The continuous roll was a hairstyle popular in the 1940s.
The illustration below refers to it as a chevron style. The concept is the appearance of an element that wraps around the entire hairline. In the chevron style it forms the chevron point at the nape of the neck.
During WWII, while so many young men were off fighting, women had to step into physical jobs. For safety and appearance reasons, these jobs had a lot of requirements about how women wore their hair. This meant they needed to wear hair up away from moving machinery or off the collar.
This new way of life for women led them to come up with creative, sculptural ways to put their hair up. The continuous roll was one of these creative options. When styled properly, a continuous roll looks like 1 round element that travels around the entire hairline.
This tutorial, posted on YouTube, shows how to connect 2 identical victory rolls to look like 1 continuous roll. With the help of the Roll & Go Hair Tool, If you style a few of these around your head and connect them, you can get a beautiful vintage hairstyle that goes around your entire hairline!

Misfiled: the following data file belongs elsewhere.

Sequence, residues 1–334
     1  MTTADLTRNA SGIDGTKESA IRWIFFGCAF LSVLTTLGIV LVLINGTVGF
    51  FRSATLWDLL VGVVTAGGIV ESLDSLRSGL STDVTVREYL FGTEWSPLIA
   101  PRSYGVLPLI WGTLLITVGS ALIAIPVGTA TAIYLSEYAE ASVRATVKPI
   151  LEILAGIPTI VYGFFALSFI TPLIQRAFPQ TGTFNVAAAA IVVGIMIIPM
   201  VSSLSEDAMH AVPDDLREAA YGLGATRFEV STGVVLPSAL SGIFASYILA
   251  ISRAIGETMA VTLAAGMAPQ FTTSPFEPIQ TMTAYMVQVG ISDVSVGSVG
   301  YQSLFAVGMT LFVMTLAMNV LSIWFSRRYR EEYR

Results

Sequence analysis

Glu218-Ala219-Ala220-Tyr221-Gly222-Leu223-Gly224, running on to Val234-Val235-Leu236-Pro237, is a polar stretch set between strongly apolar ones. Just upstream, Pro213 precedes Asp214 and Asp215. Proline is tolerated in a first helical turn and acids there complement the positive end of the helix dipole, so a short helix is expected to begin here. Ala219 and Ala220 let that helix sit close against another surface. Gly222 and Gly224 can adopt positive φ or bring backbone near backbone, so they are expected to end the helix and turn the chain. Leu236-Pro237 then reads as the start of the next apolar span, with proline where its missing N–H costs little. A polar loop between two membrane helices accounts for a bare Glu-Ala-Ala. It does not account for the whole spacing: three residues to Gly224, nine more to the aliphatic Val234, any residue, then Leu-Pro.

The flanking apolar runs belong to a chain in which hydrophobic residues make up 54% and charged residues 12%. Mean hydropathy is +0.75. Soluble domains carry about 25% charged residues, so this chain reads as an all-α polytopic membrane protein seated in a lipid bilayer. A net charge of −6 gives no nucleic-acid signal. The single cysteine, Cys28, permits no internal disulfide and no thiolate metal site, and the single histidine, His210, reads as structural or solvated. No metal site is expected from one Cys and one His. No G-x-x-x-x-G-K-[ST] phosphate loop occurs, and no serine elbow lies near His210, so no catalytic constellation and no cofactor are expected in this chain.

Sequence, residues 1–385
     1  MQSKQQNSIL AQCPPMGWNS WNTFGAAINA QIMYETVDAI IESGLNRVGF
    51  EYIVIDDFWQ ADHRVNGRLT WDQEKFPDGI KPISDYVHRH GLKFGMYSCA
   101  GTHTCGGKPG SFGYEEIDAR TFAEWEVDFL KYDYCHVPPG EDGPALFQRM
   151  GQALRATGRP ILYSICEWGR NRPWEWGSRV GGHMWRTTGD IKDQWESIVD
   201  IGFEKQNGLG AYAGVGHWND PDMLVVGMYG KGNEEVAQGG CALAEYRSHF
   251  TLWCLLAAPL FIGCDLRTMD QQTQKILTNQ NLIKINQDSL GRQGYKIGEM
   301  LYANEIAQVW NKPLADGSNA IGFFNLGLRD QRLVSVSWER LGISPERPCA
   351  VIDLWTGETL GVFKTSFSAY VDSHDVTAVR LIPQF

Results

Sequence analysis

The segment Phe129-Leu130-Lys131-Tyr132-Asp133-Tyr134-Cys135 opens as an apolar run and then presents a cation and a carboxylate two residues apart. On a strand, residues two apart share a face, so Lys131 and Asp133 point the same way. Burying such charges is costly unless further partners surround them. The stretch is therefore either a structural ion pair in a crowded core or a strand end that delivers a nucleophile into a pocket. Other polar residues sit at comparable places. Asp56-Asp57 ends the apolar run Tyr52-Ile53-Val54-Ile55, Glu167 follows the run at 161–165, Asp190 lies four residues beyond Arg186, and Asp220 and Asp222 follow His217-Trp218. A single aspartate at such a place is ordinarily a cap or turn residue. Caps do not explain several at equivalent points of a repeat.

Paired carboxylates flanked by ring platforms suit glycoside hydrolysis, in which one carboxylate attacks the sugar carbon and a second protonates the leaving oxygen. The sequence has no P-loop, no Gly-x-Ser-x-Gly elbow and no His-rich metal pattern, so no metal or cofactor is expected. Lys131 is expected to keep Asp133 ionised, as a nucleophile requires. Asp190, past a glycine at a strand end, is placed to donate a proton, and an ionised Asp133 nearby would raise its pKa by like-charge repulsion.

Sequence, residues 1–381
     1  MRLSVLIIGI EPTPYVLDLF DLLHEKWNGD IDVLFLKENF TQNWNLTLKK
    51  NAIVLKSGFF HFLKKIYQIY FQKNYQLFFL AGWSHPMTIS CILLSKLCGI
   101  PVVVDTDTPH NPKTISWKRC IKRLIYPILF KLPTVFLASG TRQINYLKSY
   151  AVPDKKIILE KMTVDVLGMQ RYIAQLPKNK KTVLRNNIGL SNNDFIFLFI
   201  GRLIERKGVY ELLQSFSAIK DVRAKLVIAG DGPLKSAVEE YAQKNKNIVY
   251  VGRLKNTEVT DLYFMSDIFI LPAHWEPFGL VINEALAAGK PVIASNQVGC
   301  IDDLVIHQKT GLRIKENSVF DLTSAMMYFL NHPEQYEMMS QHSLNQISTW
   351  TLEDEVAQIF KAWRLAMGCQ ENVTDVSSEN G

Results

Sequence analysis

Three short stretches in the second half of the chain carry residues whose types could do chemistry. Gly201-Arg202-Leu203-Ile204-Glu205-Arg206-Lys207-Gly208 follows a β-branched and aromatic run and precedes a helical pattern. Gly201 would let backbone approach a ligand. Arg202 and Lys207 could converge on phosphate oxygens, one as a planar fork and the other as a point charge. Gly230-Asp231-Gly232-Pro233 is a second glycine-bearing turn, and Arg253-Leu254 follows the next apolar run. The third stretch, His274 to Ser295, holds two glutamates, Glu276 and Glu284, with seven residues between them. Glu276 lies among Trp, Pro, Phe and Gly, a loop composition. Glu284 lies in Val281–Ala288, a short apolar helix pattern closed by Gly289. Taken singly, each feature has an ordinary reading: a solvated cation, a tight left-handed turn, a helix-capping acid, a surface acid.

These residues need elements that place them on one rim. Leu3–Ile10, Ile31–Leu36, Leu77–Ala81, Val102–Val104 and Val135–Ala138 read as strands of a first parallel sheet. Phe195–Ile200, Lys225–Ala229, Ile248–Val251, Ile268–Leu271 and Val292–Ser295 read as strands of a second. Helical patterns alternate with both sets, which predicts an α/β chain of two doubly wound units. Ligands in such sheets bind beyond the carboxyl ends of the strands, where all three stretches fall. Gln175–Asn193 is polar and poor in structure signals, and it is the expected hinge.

Read more about how doing men’s work during WWII had an adverse effect on women’s feminine self-image, but women still did their best to stick to their beauty routines. It was considered part of her duty to keep up her outward appearance for both her own morale and for those around her.
For another 1940s vintage hair tip, there is a little piece from an old hair magazine. See a quick break down of how it was created.